- Reflect Back their feelings in personal terms. If they have been expressing their fears, you could say, “If I were you, I’d be scared too.” If they expressed anger, you could respond, “I can see how you’d be really mad about this.” If they are frustrated, you could say, “Man, that sounds like it really sucks!” If they are sad, you could say, “I feel sad just hearing how tough it is for you.”
In contrast to how psychologists use reflective listening, you can interject your personal feelings into it. Instead of saying, “You’re really upset,” like a psychologist might, you can say, “That would make me blow a gasket too!” Can you feel how first is more distant and clinical and the last is more like, “I’m in this with you!” ?
- Additive Empathy. When you heighten the feeling of the other person by “adding to” the level of feeling they expressed, this can be a very bonding experience. So your friend says,“I felt bad that he left me.” By using additive empathy, you heighten the expressed emotion with something like, “Not only bad – it felt like you were betrayed!” Or, “Oh for sure ‘bad’ — and angry besides! You had already bought your wedding dress!” When you use additive empathy, you are making your friend’s case even better than he or she does! And that gift can really make your friend feel like you totally understand her. “Yeah!” she might say, “that’s really how it is!”
- Additive Sequencing. One of the ways that you can really be great at empathy is to think of the 2-4-6-8 sequence. One of the ways that people know you are REALLY listening and paying attention, is when the person lists a sequence of events or ideas, and you can build on that pattern. In essence, the person says “2. . . 4. . . 6. . . .” And you are able to say, “8 !”Because you have been paying attention and connecting on a deep level, you are able to suggest a logical addition to the sequence.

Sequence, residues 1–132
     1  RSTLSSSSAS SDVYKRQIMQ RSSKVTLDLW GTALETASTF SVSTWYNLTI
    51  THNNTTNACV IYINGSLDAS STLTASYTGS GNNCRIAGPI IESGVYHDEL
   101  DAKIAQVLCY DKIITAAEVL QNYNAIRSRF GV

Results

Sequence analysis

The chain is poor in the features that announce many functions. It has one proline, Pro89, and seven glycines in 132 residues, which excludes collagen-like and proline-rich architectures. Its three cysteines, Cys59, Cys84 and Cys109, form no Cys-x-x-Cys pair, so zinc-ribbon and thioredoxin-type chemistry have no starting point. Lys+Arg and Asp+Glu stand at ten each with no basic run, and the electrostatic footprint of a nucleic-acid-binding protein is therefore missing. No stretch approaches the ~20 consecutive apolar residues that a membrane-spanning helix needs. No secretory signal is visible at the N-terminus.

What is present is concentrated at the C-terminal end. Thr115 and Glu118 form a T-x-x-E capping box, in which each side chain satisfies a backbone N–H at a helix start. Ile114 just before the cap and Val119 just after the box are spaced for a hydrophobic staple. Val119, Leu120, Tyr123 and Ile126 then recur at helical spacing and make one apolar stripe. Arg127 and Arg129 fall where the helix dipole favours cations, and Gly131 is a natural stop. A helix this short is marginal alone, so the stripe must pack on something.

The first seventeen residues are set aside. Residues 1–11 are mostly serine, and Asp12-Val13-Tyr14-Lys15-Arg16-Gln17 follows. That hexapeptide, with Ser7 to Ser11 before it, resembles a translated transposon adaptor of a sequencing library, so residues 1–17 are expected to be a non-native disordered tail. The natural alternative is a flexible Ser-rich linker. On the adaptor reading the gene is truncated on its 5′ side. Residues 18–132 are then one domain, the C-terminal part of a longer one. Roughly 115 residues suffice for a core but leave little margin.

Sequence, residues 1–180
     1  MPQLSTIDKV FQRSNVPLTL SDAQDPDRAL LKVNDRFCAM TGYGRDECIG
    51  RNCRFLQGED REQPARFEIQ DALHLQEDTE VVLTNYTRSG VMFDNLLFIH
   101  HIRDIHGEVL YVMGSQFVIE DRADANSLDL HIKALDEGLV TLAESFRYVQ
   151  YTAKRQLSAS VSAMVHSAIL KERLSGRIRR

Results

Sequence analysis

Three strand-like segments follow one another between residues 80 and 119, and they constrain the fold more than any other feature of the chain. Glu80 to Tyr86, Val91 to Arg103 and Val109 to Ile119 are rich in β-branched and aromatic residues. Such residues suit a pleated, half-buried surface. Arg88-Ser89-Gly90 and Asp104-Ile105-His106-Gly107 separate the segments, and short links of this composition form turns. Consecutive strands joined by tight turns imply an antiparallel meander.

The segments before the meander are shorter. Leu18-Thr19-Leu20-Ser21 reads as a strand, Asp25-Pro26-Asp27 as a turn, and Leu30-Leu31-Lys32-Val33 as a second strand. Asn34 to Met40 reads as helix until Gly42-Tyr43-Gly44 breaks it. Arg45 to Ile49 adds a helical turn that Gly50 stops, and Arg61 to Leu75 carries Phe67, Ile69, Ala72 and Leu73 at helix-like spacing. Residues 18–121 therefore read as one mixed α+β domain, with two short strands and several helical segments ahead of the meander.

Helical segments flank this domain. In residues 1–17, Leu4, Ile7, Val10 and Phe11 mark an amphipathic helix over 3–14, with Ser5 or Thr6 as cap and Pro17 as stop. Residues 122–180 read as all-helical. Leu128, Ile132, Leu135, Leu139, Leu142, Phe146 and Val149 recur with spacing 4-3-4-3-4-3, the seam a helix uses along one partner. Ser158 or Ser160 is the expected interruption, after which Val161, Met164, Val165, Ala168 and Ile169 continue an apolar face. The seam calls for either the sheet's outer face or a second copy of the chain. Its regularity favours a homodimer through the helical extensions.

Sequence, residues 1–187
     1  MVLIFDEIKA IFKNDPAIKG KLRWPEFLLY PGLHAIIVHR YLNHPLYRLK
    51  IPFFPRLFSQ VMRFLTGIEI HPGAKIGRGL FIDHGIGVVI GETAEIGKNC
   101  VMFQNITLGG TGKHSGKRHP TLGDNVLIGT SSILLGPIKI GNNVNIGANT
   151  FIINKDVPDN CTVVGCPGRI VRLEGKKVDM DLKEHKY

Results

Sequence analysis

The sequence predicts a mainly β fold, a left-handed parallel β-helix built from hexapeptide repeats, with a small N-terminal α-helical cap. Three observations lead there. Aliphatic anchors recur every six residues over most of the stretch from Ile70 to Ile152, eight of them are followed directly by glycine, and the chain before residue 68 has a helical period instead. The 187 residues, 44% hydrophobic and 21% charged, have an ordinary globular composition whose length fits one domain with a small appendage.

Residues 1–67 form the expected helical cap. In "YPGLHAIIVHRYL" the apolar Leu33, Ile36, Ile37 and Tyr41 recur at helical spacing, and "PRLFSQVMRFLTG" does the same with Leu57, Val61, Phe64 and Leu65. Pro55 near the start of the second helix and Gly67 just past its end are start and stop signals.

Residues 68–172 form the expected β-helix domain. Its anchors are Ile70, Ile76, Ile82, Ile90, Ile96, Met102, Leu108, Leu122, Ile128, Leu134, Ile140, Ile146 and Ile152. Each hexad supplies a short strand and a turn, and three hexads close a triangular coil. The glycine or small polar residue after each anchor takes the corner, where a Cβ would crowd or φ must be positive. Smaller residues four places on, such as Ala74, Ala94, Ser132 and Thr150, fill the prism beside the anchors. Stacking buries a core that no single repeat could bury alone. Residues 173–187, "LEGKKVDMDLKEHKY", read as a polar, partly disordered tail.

For instance, if the jilted bride says, “We had sent all the invitations, the gifts were pouring in, and I had bought my dress, too!” You can build on that sequence in an attuned way, by adding, “And you paid for the caterer and photographer too! What a drag!” Do you see how much better the connection feels with that response, rather than a response that disrupts the train of thought or worse, changes the entire subject?
- The next important step is to validate the other person’s point of view. You don’t need to agree with them, but it is important that you can affirm that they aren’t crazy. After you have listened to them deeply, you can express something like, “Wow, I had no idea. I can see how you would feel that way. . . “ or “For sure. It makes sense that you would be so upset.” Don’t lie and say, “I’d feel that way too,” if you really wouldn’t. But you can tell them that it makes sense from their perspective.
- Stay with them. Many times, we leave a distressed person because we don’t want to deal with them. But many times, even though they are struggling, they want support. Of course, if they look dangerous, you must make sure you are safe — which may mean leaving the scene. But often, even when people are very upset, they appreciate it if you don’t abandon them in their distress. If they want to leave YOU, go ahead and give them space, but if they aren’t fleeing, consider just staying calm in the same room while they calm down. It can mean a lot.
After the person has calmed down, you can think about problem solving. But until the person’s escalated physiology has returned to baseline, you can’t make much progress to solve anything. Please read my post on “Regulate, Relate, Reason” for the reasons that our brains need empathy before problem-solving.